Highlighting the Key 3D Printing Trends of 2023


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As 2023 comes to a close, it is once again time to reflect upon the 3D printing trends that have dominated since January. In general, this year was a turbulent and exciting one, not just in additive manufacturing but around the entire world. Though escalating conflicts and general global economic difficulties have been prevalent, with a significant negative impact on much of the world, there have been positives as well.

The rise of artificial intelligence (AI) in particular has been huge. Starting with the launch of ChatGPT at the end of last year, AI has been the term on everyone’s lips, with numerous (ever increasingly advanced) solutions being launched over the course of 2023. Of course, though the prospect of ever more mature AI was a welcome one to many, it also prompted discussions into the proper use of it, for example when it came to art and writing. Moreover, AI also was a subject in 3D printing.

Could this be the future of 3D printing with AI? Probably not, but the topic has been a popular one in 2023.

It should be noted that AI and machine learning have been used for quite some time already in additive manufacturing. However, the use of these software focused mostly on process control during printing and automation. This year we also saw a discussion into new ways that AI could be used in 3D printing. For example, AI software could help to design 3D models.

That being said, though AI may have dominated everywhere else, it seemed there were even larger trends present in the AM industry this year. From a market in turmoil to changing needs for technologies to an increasing focus on applications, check out what we considered to be the biggest trends in 3D printing in 2023.

Uncertainty in the 3D Printing Market in 2023

Of course, not everything was rosy for the additive manufacturing market in 2023. As mentioned above, this year we saw a considerable amount of turmoil worldwide. This can be related to a number of factors including the continuing war in Ukraine, new global conflicts, increasing gas prices, inflation and economic downturns in many different countries. The tech market in general was especially badly hit, with layoffs continuing throughout the year and poor performance on the stock market. This also impacted the 3D printing sector.

Starting last year and continuing through 2023, many of major 3D printing companies announced layoffs including a second round of firings from Desktop Metal in February, Essentium letting go 16–30 workers in August and finally Markforged cutting 10% of its workforce after a poor Q3 showing due to a $5 million decline from the previous year and with cash, cash equivalents, and short-term investments declining by $10 million at the end of the second quarter 2023.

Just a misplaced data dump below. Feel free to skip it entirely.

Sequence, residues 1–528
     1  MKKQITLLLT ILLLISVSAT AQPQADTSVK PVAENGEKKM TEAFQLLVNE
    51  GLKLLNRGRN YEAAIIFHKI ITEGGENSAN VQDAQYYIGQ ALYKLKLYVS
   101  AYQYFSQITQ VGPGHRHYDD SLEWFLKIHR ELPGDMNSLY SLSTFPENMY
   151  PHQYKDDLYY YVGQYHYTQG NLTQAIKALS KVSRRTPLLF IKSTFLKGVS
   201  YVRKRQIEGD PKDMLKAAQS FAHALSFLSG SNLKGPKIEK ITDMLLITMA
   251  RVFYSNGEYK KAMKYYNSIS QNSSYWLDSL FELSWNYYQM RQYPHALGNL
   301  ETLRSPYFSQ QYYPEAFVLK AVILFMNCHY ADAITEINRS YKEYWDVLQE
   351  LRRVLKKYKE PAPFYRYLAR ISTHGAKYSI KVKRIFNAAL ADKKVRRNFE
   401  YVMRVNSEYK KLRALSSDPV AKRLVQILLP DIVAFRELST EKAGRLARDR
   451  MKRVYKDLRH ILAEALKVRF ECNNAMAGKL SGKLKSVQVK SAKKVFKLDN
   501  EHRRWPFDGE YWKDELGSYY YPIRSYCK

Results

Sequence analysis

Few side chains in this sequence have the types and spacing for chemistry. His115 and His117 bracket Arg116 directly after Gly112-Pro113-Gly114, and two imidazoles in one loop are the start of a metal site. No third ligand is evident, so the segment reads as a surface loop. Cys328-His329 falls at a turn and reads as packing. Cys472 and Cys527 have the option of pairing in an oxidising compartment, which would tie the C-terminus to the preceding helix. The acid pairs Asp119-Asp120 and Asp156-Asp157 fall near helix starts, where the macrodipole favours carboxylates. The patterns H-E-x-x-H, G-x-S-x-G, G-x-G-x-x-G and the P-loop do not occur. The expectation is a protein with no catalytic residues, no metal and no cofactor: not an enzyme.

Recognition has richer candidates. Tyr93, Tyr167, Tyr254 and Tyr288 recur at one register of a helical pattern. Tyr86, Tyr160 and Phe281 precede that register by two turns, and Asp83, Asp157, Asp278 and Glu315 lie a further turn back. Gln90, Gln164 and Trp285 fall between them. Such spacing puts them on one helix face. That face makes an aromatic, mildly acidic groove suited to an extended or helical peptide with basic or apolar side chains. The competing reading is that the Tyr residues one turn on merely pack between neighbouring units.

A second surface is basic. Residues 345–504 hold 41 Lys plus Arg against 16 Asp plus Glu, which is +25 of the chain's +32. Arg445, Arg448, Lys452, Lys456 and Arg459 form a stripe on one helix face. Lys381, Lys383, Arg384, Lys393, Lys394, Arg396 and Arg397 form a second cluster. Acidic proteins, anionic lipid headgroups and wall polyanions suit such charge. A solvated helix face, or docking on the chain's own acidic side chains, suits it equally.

But layoffs have not been the only sign of turmoil on the market. Notably, we can point to the saga of Desktop Metal, Stratasys and Nano Dimension. It began in March 2023, when Nano Dimension announced that it would launch a formal bid to acquire fellow Israeli company Stratasys. Though Stratasys seemed uninterested in the proposition, the back and forth continued between the companies, with the backdrop as well of Nano Dimension’s own internal turmoil as conflict brewed between the executive board and shareholders, for many months. This was punctuated by the announcement of Desktop Metal and Stratasys that they would merge. This was then later further complicated by 3D Systems throwing its hat in the ring to acquire Stratasys.

It came to an end finally in September, after Nano Dimension had pulled its offer, when the merger between Stratasys and Desktop Metal ultimately fell through. Thus ending the drama that had dominated most of the year but leaving many in AM disquieted. Stratasys also withdrew from talks with 3D Systems, noting that the offer undervalued the company and that they had concerns about the management structure of the combined company.

But what was underlying this turmoil in 3D printing in 2023? Well, it seems to be closely related to general global economic uneasiness, as the companies most affected were those trading on the stock market. You may remember a couple of years ago when SPAC mergers were all the rage in additive manufacturing, showing the increasing flourishing of the field. While we cannot say that was negative, it is undeniable that we are currently seeing backlash now for many of the companies that went public in 2021 and 2022. Though they are not the only ones affected as shown by the recent bankruptcy announcement by SmileDirectClub.

This could also be seen through noncompliance notices sent by the New York Stock Exchange to both Desktop Metal and Markforged due to not meeting the minimum average closing price ($1.00) over a consecutive 30-day period. In particular, Markforged seems to be seeking alternatives as it seeks to avoid delisting on the NYSE as the latest noncompliance notice in November 2023 is their second.